You Can Fly From New York to London in One Hour Using This New Hypersonic “Space Plane”

   

It can soar at 4,000 mph—or five times the speed of sound.

For most New Yorkers, getting to the Hamptons in less than three hours is a commendable feat, but what if you could get all the way to London in just a third of the time? The UK Space Agency recently revealed plans for a high-tech “space plane” that is capable of jetting across the pond at lightning speed—and it could be in the skies as soon as 2030.

On Tuesday, the CEO of the UK Space Agency Graham Turnock announced the UK would be working more closely with Australia in a “world-first Space Bridge” agreement which will focus on delivering a plane—or rocket, really—to shuttle passengers from continent-to-continent in just four hours. While flights from London to the Big Apple will reportedly take a skerrick over 60 minutes.

It’s all courtesy of a new hypersonic engine SABRE (Synergetic Air-Breathing Rocket Engine)—which the scientists at Reaction Engines are currently developing. Fueled by a combination of hydrogen and oxygen, SABRE is capable of powering a plane to Mach 5.4 (4,000 mph) for speedy commercial travel—that’s around five times the speed of sound—or Mach 25 (19,000 mph) when soaring in space. It’s supposedly greener and cheaper than current air travel, too.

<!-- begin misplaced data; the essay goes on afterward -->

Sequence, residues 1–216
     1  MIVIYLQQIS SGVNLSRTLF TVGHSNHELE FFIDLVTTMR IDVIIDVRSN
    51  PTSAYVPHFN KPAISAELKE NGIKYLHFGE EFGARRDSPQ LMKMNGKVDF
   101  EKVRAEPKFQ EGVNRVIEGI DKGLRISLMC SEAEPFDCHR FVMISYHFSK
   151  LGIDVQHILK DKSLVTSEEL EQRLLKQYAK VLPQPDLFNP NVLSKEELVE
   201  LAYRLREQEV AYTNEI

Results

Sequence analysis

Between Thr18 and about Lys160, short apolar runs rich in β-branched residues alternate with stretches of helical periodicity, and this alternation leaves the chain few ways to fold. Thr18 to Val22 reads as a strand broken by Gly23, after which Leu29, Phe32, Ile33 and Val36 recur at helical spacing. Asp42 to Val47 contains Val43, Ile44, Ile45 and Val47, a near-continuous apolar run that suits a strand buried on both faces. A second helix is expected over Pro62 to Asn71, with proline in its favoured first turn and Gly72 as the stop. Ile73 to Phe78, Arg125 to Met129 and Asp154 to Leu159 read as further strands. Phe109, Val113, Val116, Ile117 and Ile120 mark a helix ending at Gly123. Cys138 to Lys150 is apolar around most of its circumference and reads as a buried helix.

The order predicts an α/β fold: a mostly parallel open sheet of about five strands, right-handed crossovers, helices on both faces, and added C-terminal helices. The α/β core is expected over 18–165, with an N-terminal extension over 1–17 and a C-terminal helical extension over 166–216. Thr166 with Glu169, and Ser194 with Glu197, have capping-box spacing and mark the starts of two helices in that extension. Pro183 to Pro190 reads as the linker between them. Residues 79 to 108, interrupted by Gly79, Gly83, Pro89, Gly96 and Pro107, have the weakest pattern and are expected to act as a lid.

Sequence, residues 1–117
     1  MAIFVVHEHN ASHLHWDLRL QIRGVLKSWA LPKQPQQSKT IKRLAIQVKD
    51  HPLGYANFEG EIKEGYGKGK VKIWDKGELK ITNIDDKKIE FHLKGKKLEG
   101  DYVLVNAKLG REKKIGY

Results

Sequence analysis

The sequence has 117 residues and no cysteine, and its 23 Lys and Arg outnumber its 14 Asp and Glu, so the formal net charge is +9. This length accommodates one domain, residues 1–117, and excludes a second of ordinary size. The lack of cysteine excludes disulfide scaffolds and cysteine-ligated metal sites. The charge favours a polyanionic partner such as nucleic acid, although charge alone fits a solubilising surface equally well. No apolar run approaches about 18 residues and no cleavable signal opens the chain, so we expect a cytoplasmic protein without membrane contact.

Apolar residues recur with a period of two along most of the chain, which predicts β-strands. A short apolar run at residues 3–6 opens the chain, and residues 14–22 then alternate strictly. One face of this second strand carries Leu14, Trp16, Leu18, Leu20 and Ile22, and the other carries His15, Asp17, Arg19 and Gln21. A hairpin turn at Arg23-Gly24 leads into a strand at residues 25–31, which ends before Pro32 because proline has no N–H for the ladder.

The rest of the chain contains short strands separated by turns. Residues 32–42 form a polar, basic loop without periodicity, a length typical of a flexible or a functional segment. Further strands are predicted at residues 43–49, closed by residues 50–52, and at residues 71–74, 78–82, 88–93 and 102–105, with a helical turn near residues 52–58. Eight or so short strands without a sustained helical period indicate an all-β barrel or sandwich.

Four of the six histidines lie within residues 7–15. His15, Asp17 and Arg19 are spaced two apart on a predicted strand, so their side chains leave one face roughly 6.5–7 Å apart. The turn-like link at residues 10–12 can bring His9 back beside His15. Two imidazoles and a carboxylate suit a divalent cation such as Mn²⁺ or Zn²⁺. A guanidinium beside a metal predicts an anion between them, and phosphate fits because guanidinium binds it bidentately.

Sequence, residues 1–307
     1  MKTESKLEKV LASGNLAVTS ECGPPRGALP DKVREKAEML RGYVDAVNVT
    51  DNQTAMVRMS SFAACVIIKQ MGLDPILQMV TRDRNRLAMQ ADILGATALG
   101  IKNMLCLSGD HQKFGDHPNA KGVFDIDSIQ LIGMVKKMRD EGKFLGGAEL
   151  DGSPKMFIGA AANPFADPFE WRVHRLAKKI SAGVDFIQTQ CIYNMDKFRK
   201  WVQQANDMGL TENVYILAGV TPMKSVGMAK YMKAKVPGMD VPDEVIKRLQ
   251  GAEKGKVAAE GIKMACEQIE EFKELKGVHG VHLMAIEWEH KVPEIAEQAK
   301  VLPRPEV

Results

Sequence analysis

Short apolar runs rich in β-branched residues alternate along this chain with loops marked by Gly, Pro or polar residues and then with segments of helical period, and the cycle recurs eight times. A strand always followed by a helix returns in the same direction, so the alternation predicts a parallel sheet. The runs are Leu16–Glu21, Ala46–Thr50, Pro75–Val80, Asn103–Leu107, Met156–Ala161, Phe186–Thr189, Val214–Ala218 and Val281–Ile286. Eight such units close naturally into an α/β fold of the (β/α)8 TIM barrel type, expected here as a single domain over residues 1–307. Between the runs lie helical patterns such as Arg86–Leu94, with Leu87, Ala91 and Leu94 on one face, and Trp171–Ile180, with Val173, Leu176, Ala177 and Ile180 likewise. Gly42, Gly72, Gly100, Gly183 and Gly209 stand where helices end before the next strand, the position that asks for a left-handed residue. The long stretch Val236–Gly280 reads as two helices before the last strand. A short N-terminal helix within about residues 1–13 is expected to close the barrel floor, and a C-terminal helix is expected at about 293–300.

One of the challenges of hypersonic flight is ensuring the engine can withstand the heat—traveling that quickly can cause the engine itself to melt—but SABRE chills the incoming air with tiny tubes of super-cooled helium, and then utilizes that captured heat to power the engine.

“Our pre-cooler takes air that arrives at 1,000 degrees centigrade and cools it down to zero in one-twentieth of a second,” Shaun Driscoll, of Reaction Engines, said.

That’s not just talk, either. Back in April, the Oxfordshire-based firm announced successful tests of a precooler, simulating conditions at Mach 3.3—that’s 50 percent faster than the supersonic turbojet Concorde, which trekked between New York and Paris in 3.5 hours, but was terminated in 2003 following a catastrophic crash in which 109 people died. It’s also on par with the Lockheed SR-71 Blackbird, the fastest jet aircraft ever made.

Reaction Engines will continue trialing parts, with test flights scheduled to begin in mid-2020 and commercial flights slated for the 2030s. The government has already invested £60 million (around $74 million at current exchange) into SABRE, which has been matched by Rolls Royce, BAE Systems and Boeing.

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